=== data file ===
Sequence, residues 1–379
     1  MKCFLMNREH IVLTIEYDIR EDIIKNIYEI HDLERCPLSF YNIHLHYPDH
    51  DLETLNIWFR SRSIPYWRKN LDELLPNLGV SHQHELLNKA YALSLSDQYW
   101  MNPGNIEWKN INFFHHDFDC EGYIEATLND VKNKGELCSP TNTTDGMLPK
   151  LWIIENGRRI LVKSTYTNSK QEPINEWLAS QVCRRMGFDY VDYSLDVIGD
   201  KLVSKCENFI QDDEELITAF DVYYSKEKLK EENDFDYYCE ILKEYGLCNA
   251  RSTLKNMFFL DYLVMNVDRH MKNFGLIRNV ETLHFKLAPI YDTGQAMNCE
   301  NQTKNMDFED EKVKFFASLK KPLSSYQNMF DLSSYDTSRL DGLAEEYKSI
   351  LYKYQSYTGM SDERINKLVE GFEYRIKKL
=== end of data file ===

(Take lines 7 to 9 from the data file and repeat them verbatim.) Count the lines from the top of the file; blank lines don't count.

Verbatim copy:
   251  RSTLKNMFFL DYLVMNVDRH MKNFGLIRNV ETLHFKLAPI YDTGQAMNCE
   301  NQTKNMDFED EKVKFFASLK KPLSSYQNMF DLSSYDTSRL DGLAEEYKSI
   351  LYKYQSYTGM SDERINKLVE GFEYRIKKL